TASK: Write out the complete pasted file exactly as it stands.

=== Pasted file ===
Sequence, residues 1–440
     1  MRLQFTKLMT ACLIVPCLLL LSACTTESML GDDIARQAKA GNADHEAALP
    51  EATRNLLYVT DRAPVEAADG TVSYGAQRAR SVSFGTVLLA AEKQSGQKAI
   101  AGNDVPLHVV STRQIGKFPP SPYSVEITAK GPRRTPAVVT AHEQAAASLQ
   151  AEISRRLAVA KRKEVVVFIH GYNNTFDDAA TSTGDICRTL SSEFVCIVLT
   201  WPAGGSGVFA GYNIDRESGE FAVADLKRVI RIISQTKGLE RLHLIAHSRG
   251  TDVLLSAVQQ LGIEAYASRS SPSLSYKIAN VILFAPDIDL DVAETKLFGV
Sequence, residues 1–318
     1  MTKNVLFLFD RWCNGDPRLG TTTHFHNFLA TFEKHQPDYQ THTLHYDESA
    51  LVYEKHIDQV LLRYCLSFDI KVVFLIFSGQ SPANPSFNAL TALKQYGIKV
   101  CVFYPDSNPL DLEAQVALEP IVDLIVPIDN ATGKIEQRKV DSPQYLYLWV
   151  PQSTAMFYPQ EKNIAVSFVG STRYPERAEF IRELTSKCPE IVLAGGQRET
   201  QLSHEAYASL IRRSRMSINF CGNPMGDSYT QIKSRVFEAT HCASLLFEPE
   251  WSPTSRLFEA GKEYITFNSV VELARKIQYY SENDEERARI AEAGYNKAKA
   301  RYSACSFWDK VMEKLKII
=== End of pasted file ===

Sequence, residues 1–440
     1  MRLQFTKLMT ACLIVPCLLL LSACTTESML GDDIARQAKA GNADHEAALP
    51  EATRNLLYVT DRAPVEAADG TVSYGAQRAR SVSFGTVLLA AEKQSGQKAI
   101  AGNDVPLHVV STRQIGKFPP SPYSVEITAK GPRRTPAVVT AHEQAAASLQ
   151  AEISRRLAVA KRKEVVVFIH GYNNTFDDAA TSTGDICRTL SSEFVCIVLT
   201  WPAGGSGVFA GYNIDRESGE FAVADLKRVI RIISQTKGLE RLHLIAHSRG
   251  TDVLLSAVQQ LGIEAYASRS SPSLSYKIAN VILFAPDIDL DVAETKLFGV
Sequence, residues 1–318
     1  MTKNVLFLFD RWCNGDPRLG TTTHFHNFLA TFEKHQPDYQ THTLHYDESA
    51  LVYEKHIDQV LLRYCLSFDI KVVFLIFSGQ SPANPSFNAL TALKQYGIKV
   101  CVFYPDSNPL DLEAQVALEP IVDLIVPIDN ATGKIEQRKV DSPQYLYLWV
   151  PQSTAMFYPQ EKNIAVSFVG STRYPERAEF IRELTSKCPE IVLAGGQRET
   201  QLSHEAYASL IRRSRMSINF CGNPMGDSYT QIKSRVFEAT HCASLLFEPE
   251  WSPTSRLFEA GKEYITFNSV VELARKIQYY SENDEERARI AEAGYNKAKA
   301  RYSACSFWDK VMEKLKII